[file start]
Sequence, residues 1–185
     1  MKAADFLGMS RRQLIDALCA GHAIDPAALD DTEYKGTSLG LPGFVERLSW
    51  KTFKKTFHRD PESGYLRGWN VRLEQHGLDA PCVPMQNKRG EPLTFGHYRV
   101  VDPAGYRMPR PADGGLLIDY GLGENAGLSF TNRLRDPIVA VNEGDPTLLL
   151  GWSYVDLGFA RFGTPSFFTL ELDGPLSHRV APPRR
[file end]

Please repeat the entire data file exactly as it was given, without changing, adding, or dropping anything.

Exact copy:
Sequence, residues 1–185
     1  MKAADFLGMS RRQLIDALCA GHAIDPAALD DTEYKGTSLG LPGFVERLSW
    51  KTFKKTFHRD PESGYLRGWN VRLEQHGLDA PCVPMQNKRG EPLTFGHYRV
   101  VDPAGYRMPR PADGGLLIDY GLGENAGLSF TNRLRDPIVA VNEGDPTLLL
   151  GWSYVDLGFA RFGTPSFFTL ELDGPLSHRV APPRR